Washington officials are not the only ones with out-of-school time on their minds. City leaders, too, have been eying the potential of out-of-school time, and many have landed on a similar approach to advancing it: putting together the pieces of what amount to citywide systems of out-of-school time programming. Typically in cities, out-of-school-time programming is fragmented. Individual programs — and the government agencies and private funders that finance them — work in isolation from one another. The many, varied organizations involved in some way with out-of-school time include libraries, parks departments, YMCAs and other private program providers, housing agencies, police departments, city hall, and, of course, schools. 

Key role of master teachers in out-of-school time 

A recent study sponsored by The Wallace Foundation looked at an after-school program for middle school students in New York City. The community centers, called “Beacons,” are based in public schools. “When we compared the 20 Beacons in the top attendance quartile with the 20 Beacons in the bottom quartile in terms of the percent of participants meeting a 216-hour attendance objective, we found that more Beacon directors in the top-quartile Beacons reported having a master teacher or education specialist on staff than did the directors of the bottom-quartile Beacons. Specifically, 67% of top-quartile Beacons had master teachers or education specialists on staff, while only 19% of bottom quartile Beacons did” (Russell, et al., 2010, p. ii).

The idea behind out-of-school time systems is to coordinate the after-school workings of all these groups so they operate in sync to achieve at least three goals: better programs, increased attendance, and data-based decision making about these and other important out-of-school time matters. Data collection and analysis is new for the out-of-school time field. Before system-building efforts began, cities often lacked even the most rudimentary information about their collections of out-of-school time programs, including the number of children enrolled citywide (McCombs, Orr, et al., 2010).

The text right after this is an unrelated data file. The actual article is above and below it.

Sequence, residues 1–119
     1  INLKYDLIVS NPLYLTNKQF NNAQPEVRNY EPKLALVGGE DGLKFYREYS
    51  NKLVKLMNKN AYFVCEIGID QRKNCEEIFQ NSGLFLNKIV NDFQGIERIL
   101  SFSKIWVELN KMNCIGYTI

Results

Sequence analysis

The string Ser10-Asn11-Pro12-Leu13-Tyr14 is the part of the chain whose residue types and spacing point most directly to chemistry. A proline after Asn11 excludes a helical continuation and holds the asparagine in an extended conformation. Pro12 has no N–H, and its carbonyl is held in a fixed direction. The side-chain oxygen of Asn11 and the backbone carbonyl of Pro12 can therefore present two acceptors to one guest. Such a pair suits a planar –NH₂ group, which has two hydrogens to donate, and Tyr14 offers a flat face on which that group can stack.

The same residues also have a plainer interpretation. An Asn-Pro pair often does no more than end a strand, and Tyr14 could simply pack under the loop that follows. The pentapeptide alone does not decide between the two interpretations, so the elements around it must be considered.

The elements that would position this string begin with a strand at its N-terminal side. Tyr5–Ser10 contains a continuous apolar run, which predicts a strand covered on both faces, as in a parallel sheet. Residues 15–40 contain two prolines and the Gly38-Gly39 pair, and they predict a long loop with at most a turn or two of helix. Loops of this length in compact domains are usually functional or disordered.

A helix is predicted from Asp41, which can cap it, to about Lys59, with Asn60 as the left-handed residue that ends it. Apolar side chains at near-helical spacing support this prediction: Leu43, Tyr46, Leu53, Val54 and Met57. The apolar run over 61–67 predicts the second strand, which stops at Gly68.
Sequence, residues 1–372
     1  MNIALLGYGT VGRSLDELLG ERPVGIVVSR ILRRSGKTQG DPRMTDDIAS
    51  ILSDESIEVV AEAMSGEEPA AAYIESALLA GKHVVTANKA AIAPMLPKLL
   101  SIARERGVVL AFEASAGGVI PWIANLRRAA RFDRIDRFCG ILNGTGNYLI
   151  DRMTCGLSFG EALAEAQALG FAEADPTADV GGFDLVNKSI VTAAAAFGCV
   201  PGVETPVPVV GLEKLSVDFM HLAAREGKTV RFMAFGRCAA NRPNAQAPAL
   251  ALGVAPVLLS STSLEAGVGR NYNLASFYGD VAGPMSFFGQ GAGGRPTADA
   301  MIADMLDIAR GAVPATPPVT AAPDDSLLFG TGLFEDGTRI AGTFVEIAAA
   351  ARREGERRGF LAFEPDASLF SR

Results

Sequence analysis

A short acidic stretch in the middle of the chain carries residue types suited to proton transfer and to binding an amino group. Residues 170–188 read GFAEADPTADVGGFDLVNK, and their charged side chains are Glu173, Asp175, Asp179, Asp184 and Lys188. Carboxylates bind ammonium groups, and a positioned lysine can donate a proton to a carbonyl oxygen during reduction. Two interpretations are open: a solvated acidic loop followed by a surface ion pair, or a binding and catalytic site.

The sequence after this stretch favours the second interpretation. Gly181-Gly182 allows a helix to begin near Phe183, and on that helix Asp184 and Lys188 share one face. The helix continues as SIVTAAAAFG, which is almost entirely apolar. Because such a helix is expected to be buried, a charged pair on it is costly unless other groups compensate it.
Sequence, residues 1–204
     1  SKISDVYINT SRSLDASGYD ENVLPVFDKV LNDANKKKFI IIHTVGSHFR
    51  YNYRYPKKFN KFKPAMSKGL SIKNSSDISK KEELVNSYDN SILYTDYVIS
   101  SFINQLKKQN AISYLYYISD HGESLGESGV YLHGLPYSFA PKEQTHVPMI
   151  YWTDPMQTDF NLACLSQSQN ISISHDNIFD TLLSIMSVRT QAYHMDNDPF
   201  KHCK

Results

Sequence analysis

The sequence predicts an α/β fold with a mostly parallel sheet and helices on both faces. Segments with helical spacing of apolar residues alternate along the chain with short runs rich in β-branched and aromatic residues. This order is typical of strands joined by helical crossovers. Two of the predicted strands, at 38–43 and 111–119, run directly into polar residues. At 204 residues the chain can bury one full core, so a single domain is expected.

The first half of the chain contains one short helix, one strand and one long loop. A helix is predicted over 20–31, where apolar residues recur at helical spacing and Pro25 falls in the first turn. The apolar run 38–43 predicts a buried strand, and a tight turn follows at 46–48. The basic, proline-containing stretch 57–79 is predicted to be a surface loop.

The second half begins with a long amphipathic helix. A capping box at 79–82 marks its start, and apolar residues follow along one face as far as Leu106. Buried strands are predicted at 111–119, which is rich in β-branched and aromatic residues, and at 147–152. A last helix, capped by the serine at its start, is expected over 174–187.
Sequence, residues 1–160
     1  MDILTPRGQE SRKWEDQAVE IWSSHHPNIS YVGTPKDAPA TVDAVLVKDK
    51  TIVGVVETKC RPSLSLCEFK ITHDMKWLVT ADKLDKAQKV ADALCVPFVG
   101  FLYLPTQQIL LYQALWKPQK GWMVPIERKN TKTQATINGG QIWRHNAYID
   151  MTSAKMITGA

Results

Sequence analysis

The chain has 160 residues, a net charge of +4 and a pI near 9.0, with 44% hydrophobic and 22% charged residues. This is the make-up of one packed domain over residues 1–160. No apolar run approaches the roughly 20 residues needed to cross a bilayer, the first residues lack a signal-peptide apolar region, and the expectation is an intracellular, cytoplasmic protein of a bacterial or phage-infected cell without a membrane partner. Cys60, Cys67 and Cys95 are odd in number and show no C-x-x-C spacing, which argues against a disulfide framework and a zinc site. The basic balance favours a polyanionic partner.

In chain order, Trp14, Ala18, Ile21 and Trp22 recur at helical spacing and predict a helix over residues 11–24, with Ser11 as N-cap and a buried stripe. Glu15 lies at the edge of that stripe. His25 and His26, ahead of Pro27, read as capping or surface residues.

A soon-to-be-published report from the National League of Cities looks at about two dozen cities with out-of-school time system-building efforts under way, and The Wallace Foundation has helped finance out-of-school time efforts in five others. The Wallace-supported efforts are in Boston, Chicago, New York City, Providence, R.I., and Washington, D.C. Another indicator of interest in out-of-school time systems is growth in the National League of Cities Afterschool Policy Advisors Network, a group of city leaders who share information about out-of-school time system building. When the network was launched in 2005, it had 22 member cities. Today it has more than 400. The ventures vary widely according to the needs and circumstances of their locales, which range from small cities (Charleston, S.C., population 108,000) to large (Chicago and New York), and include places as diverse as Denver, Spokane, Grand Rapids, Mich., and Nashville. Some efforts are led by private, nonprofit groups, others by school systems or other municipal agencies, such as family services departments. What all have in common, however, is a hope to turn what is now a largely haphazard arrangement of after-school programs into a more coherent whole.